Danger in Plastic Baby Bottles?
Common Plastics Chemical Linked to Genetic Damage
March 31, 2003 -- A chemical used in plastic baby bottles --
and many other food and beverage containers -- causes genetic damage in mice, a
new study suggests. But the plastics industry says there is no cause for
The damage is seen in egg cells of female mice. When these
cells try to divide, their chromosomes don't line up right. In humans this
results in spontaneous abortion, birth defects, or mental retardation, says
genetic abnormalities expert Patricia A. Hunt, PhD, of Case Western Reserve
University School of Medicine.
In studies published in the April issue of the journal
Current Biology, Hunt and colleagues showed that very low doses of a
common plastics ingredient may cause these effects. They also found that
dangerous amounts of the chemical -- known as BPA -- can seep out of used
"The effect we saw is pretty dramatic," Hunt tells
WebMD. "We were stunned by how low a dose it took. I am becoming pretty
convinced there are significant effects [of BPA] at pretty low exposures. I
can't say how scared you should be because our studies don't say anything about
humans. But that's why we study animals. We assume the processes are pretty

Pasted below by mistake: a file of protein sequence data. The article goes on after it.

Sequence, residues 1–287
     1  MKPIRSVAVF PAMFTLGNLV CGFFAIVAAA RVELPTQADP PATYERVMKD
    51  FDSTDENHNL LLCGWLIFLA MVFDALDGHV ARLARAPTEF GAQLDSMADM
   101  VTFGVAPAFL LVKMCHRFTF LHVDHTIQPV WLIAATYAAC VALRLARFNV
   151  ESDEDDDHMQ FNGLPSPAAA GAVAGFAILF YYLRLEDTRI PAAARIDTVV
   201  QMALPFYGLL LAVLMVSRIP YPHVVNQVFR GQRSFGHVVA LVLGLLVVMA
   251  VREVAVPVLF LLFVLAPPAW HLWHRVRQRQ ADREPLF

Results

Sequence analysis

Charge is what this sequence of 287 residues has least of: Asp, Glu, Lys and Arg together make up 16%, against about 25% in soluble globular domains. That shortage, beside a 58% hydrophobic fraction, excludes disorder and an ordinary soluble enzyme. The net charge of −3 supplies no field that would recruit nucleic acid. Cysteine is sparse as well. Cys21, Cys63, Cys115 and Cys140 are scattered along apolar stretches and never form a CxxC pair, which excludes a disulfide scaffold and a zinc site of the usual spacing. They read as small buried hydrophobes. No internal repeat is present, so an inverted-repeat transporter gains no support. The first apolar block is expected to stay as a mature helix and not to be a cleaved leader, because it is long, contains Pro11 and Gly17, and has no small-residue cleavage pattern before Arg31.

well the same in humans."
The chemical is known as bisphenol A or BPA. It's found in all
kinds of common products, mostly polycarbonate plastics. Nearly all plastic
baby bottles in the U.S. are made of this kind. So are many common food
containers, water storage bottles, aluminum can linings, and even some kinds of
Other animal studies have linked BPA to low sperm count,
hyperactivity, early puberty, obesity, small testes size, and enlarged
prostates. But Hunt's is the first study to suggest that BPA can affect future
Frederick S. vom Saal, PhD, professor of biology at the
University of Missouri inColumbia, has studied BPA for many years. He says that
some 40 studies show that polycarbonate plastics are dangerous. Hunt's findings
scare him most of all.
"What is so important about this finding is we are talking
about something that causes spontaneous abortions of babies," vom Saal
tells WebMD. "And then there is the horrifying fact that babies are born
with these chromosomal abnormities. ... This is a higher level of concern, a
major new finding of a really profound adverse effect of this chemical in mice
that were just drinking out of old baby bottles."
The findings also frighten Vom Saal's colleague, reproductive
endocrinologist Wade V. Welshons, PhD.
"We found bad effects of fetal exposure to BPA, but that is
something a pregnant woman can avoid. When my wife was pregnant, we did try to
avoid it," Welshons tells WebMD. "But Hunt's study shows exposure may
be unavoidable. It is shocking."